I'm watching a cross between Bill Murray and Bradley Cooper in all-black: a COS-style scoop-neck top, slim-fit trousers and suede desert boots. The man looks primed to deliver a TED talk, but his charismatic oratory is met with cries of "amen" and "preach it!" from faces lit up blue by the neons that surround him. He's not just talking, either; he's in rapture, his words are rough. It begins to sound like the creepiest dirty talk.
"What I'm saying – what I'm telling you – is you messed up coming to church tonight," he growls, "cause God's about to wreck your little jungle life."
The man is Jentezen Franklin, founder of the ministry Free Chapel in Gainesville, Georgia. Tonight he is the headline act at Hillsong, which, every Sunday, holds four services at London's 2,000-capacity Dominion Theatre. It's on Tottenham Court Road, wedged between a Garfunkel's, a Dorothy Perkins and a bunch of Crossrail-related road-works.
Hillsong isn't a normal church. It's the international pentecostal mega-church that Justin Bieber allegedly quit his world tour for. It's been called "trendy", noted as an example of "hipster Christianity" and compared to "an Urban Outfitters stock room explosion".
Last month, Bieber – whose sins had already been forgiven by the general public after he made critically-appreciated EDM and stopped pissing into mop buckets and abandoning baby monkeys – announced the Purpose World Tour's premature end. Sources "close to Hillsong" told TMZ this was because Bieber had "rededicated his life to Christ". What Tom Cruise is to Scientology, claimed Hillsong defector Tanya Levin in 2015, Bieber is to Hillsong.
"THIS IS MY DOG TIL THE DAY I DIE .. he's the biggest Brodog. ride or die .." - Hillsong preacher Carl Lentz on Justin Bieber
As well as attending Zoe Church Conference, set up by pastor Chad Veach – an occasional Hillsong preacher who is so close to Bieber that Bieber has a tattoo dedicated to Veach's daughter – Bieber's been hanging out with other Hillsong preachers Judah Smith, founder of the Seattle's City Church, and Rich Wilkerson Jr, founder of Vous, an LA-based church. His closest friend in the church, though, is Hillsong's New York City lead pastor Carl Lentz. Justin first met the skinny-jeaned unnecessarily-bespectacled preacher in 2008, and in a recent Instagram post on Bieber's account Lentz snuggles so close that his Dov Charney-style lensless aviators dent Bieber's cheek. The caption reads: "THIS IS MY DOG TIL THE DAY I DIE .. he's the biggest Brodog. ride or die.."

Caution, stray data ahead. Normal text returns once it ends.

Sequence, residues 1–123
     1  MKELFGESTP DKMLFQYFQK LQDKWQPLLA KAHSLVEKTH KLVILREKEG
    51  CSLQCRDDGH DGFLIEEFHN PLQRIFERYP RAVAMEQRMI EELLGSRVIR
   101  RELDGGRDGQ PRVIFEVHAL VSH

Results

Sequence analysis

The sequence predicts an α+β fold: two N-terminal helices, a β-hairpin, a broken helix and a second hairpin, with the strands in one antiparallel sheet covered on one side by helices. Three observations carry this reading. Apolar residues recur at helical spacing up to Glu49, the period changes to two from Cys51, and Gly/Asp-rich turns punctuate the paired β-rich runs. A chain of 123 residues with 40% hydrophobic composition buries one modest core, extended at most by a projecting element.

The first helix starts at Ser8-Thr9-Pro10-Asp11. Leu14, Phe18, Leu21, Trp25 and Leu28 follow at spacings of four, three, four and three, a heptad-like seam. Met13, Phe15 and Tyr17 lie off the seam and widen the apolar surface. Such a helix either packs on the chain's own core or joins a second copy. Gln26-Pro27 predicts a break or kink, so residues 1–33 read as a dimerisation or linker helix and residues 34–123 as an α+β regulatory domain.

The pair were just as close at Australia's Hillsong Conference. Check out this one Hillsong-approved interview where Bieber, sitting between Veach and Lentz, wears a grey marl tracksuit bearing the slogan "Young & Free", the official name of the youth wing of Hillsong, and proclaims: "I just enjoy seeing people worship, praising God," before cleaning his teeth with a mini toothbrush. Wilkerson is interviewing, and he's patient, having had practice after sitting through the 45-minute groom's speech at Kanye West and Kim Kardashian's 2014 wedding, which he officiated. Bieber then rests his head onto Lentz's shoulder and says, "I just want to love people more, I just want to love Carl more," before adding: "I just think my faith grows every day, so my faith is stronger than it was two years ago: better, stronger, wiser, kinder."
In another Conference interview, Bieber and Lentz both appear in lensless aviators. Bieber announces, "I'm so nervous right now", before gazing over to Lentz's red Louis Vuitton x Supreme hoody as he explains the pair have today been "wearing Supreme sweaters, living the dream".
Only Bieber and those in his interconnected God-squad know the real reasons for cancelling just 14 dates of a 165-night world tour. But I thought I could get some answers by going to Hillsong myself.
With 77 outposts in 17 countries, Hillsong has a reported worldwide congregation of 100,000 (and 800,000 Twitter followers, 1.2 million Instagram followers and 4.4 million Facebook Likes). Followers are said to include Hailey Baldwin (daughter of born-again Christian Stephen Baldwin), Selena Gomez, Kendall Jenner and Kourtney Kardashian.
You hear about these kinds of youth-churches quite often in the US, but I wanted to know whether Hillsong fever had exploded in the UK.
It's 4PM on a windy Sunday when I arrive at Hillsong.
"Welcome to church!" a series of black-clad assistants grin to me as I walk into the theatre's foyer. People in greys and denim sprint towards the stalls, and at the bar carafes of free coffee are passed around by men in T-shirts long enough to reach the rips in their jeans. Women in Ivy Park stride towards the circle. Books called things like Live Love Lead, The Jesus Manifesto and God's Economic Engine are for sale alongside Franklin's Fear Fighters and The Spirit of Python: Exposing Satan's Plan to Squeeze the Life Out Of You.